As I’ve noted before the word nano pops up in unexpected places, in this case, in a news release about a University of Alberta medical researcher’s work on cholera bacteria. We tend not to think about cholera in Canada these days but it was a serious problem here as it still is elsewhere. From the Canadian Encyclopedia essay on cholera in Canada,
Cholera first reached Canada in 1832, brought by immigrants from Britain. Epidemics occurred in 1832, 1834, 1849, 1851, 1852 and 1854. There were cases in Halifax in 1881. The epidemics killed at least 20 000 people in Canada. Cholera was feared because it was deadly and no one understood how it spread or how to treat it. The death rate for untreated cases is extremely high. Grosse Île, near Québec, was opened in 1832 as a quarantine station and all ships stopped there for inspection.
The essay goes on to note that between 1995 and 2004 Canada’s reported annual number of cases ranged from one to eight. Meanwhile, Haiti is experiencing a serious outbreak of cholera as it recovers from last year’s earthquake. From the University of Alberta’s Feb. 3, 2010 news release,
Just over a year after the earthquake in Haiti killed 222,000 people there’s a new problem that is killing Haitians. A cholera outbreak has doctors in the area scrambling and the water-borne illness has already claimed 3600 lives according to officials with Médicin Sans Frontières (Doctors without Borders) [sic].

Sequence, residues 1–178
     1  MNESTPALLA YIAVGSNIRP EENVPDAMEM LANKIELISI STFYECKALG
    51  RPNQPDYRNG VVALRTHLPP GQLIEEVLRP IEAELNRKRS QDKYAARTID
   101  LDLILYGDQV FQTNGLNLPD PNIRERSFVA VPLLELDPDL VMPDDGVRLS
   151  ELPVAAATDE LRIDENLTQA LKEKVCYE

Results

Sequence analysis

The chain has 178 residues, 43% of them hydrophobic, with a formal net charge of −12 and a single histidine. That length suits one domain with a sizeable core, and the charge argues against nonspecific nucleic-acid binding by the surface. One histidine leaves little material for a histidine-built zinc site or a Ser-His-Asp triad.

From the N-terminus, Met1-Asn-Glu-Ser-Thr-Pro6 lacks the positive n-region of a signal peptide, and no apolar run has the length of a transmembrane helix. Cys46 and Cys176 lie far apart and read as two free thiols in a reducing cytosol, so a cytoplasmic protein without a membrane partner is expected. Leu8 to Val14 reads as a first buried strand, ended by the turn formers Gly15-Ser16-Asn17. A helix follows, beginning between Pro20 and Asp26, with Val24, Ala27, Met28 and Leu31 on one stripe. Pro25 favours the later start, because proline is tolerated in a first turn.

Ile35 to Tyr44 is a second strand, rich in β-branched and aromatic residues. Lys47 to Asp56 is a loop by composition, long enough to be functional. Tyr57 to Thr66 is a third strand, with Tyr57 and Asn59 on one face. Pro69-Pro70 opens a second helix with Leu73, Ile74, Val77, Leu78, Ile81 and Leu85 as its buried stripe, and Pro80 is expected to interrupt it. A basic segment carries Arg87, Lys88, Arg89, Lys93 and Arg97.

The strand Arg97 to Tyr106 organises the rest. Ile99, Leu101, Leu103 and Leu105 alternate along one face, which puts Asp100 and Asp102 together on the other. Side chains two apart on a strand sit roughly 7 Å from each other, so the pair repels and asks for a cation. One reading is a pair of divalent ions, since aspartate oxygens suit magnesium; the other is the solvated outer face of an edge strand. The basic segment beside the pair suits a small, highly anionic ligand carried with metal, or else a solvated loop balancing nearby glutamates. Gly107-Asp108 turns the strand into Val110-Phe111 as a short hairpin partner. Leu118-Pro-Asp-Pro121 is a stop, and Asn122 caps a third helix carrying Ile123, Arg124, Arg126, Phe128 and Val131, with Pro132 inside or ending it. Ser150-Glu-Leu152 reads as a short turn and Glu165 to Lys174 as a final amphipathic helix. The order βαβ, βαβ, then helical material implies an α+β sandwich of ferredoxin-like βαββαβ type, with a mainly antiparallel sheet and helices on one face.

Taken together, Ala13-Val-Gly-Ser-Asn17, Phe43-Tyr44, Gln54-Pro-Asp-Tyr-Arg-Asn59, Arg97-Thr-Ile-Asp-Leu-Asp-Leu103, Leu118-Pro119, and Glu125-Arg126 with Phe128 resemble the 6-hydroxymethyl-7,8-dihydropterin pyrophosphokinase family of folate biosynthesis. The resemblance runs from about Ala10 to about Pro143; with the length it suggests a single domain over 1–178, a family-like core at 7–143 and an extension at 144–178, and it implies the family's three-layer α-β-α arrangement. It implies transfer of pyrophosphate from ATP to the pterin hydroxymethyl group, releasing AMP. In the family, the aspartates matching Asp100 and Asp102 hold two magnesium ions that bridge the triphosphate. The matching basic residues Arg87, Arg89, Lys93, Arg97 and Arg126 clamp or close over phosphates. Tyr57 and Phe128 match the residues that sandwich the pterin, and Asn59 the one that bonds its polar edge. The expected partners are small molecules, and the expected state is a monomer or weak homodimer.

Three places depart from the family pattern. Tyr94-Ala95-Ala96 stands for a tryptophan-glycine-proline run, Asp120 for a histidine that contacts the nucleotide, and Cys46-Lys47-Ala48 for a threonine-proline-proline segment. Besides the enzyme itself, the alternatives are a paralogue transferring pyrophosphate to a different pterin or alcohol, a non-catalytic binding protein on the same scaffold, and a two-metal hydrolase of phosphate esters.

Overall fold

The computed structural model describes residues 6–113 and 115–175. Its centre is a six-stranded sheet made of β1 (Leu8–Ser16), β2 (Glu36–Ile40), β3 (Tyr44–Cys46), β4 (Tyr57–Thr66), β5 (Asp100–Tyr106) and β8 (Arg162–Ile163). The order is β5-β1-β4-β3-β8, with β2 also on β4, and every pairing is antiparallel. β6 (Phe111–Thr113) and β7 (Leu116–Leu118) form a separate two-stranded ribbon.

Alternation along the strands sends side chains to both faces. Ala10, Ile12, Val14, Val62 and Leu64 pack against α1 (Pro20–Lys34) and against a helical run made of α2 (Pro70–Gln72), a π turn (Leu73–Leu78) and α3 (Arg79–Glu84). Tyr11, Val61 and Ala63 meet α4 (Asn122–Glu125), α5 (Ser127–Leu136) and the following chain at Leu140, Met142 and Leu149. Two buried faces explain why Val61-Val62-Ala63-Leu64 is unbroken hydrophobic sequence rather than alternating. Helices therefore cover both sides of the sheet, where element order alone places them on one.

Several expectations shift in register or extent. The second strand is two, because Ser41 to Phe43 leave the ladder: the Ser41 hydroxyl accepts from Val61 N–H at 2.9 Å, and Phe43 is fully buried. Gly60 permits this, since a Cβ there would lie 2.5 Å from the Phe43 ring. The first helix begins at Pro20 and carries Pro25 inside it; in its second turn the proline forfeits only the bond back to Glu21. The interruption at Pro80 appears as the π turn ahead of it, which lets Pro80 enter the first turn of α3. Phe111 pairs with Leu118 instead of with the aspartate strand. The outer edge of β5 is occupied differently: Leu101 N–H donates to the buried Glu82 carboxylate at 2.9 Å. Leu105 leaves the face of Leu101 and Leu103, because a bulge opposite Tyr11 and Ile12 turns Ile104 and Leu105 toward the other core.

Bacteriologist Stefan Pukatzki recently achieved a breakthrough understanding of cholera’s disease process which will hopefully help stem outbreaks in the future.
Pukatzki discovered that Vibrio cholerae uses molecular nano-syringes to puncture host cells and secrete toxins straight in to the other organism; this is called the type six secretion system. [emphasis mine]
“Vibrio cholerae uses these syringes so when it comes in contact with another bacteria, like E. coli, which is a gut bacterium, it kills it,” said Pukatzki. “That’s a novel phenomenon. We knew it [Vibrio cholerae] competed with cells of the immune system but we didn’t know it was able to kill other bacteria.
“Keep in mind these syringes are sitting on the outside of the bacterium so they make good vaccine targets,” said Pukatzki. “That’s actually better because you could either inhibit the type six function or you could induce an immune response with these components that are sitting on the outside.”
I’m very interested to see that he (or the writer of the news release) used ‘nano’ as a prefix given that it was already described as molecular. I don’t make much of it other than the fact that it served to grab my attention.